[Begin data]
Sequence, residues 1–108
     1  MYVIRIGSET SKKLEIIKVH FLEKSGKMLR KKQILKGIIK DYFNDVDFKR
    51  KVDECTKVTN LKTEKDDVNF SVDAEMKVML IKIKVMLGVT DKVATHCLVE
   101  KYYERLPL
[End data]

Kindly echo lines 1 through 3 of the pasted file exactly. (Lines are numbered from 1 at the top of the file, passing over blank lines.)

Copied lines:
Sequence, residues 1–108
     1  MYVIRIGSET SKKLEIIKVH FLEKSGKMLR KKQILKGIIK DYFNDVDFKR
    51  KVDECTKVTN LKTEKDDVNF SVDAEMKVML IKIKVMLGVT DKVATHCLVE